Tattoo Artists Spur Change In New York Ink Law
New York Tattoo Artists win battle over unnecessary Bill passed in Albany...
Looks like we've won... for now.
A few months ago you might have seen your New York friends posting about a new tattoo bill, that had been turned over to city legislation.
The bill stated that disposable ink caps would be replaced with pre-packaged, single use "ink-shots" in an effort to protect against cross-contamination and blood-bourne illnesses.
This conversation spurred instant backlash from the community, many of whom had expressed that the "ink shots" in question are not manufactured by the industry's leading pigment brands, and are inferior products. For these artists, switching to poor-quality ink was just not an option.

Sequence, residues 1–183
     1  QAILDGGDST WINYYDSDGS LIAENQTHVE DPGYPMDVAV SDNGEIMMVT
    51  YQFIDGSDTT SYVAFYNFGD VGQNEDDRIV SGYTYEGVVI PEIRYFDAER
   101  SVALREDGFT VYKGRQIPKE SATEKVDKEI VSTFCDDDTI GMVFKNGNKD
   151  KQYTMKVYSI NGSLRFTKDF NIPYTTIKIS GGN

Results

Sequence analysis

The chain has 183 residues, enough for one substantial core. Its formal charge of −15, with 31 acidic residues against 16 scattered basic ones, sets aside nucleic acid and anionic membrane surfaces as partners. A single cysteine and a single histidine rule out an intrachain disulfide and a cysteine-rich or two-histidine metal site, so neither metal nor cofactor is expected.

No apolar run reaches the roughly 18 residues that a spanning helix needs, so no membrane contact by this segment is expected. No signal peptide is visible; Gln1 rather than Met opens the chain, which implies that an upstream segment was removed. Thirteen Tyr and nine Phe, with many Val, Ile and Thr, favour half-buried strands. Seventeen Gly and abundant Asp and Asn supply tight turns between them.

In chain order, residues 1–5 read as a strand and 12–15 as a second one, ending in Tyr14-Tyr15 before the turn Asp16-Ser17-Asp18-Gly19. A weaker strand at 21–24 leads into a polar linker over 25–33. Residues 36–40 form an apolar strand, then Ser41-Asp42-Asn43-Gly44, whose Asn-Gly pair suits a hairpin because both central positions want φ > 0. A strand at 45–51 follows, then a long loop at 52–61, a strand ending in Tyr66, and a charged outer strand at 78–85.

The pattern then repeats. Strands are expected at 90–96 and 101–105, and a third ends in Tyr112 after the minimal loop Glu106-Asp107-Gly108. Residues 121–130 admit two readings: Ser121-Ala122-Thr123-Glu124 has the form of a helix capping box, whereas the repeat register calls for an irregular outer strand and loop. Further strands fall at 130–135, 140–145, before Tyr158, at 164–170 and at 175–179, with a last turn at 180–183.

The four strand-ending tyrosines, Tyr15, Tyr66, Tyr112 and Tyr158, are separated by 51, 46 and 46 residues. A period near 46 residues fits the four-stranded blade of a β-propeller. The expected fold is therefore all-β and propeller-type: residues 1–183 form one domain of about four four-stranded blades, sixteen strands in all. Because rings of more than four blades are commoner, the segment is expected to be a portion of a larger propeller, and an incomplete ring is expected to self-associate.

The industry standard procedure involves purchasing bulk bottles of ink, to pour into single use ink caps that are disposed of (along with most station materials) after a tattoo is finished. After the ink is poured, the bottles are to be stored away from an artists work station, in order to prevent the possibility of cross-contamination.
Though in theory this bill may have some merit to the safety of tattooing practices, there has been much speculation among tattooers regarding the manufacturer of these "ink shots" being a prime suspect in this push to reform.
Shortly after the bill was passed, an online petition went out that garnered nearly 50,000 electronic signatures against the movement.
This Friday, Governor Cuomo signed a bill striking down the packaging requirement, instead leaving it up to the health department to make the calls for safely handling ink.
Crisis averted. Thank you New York.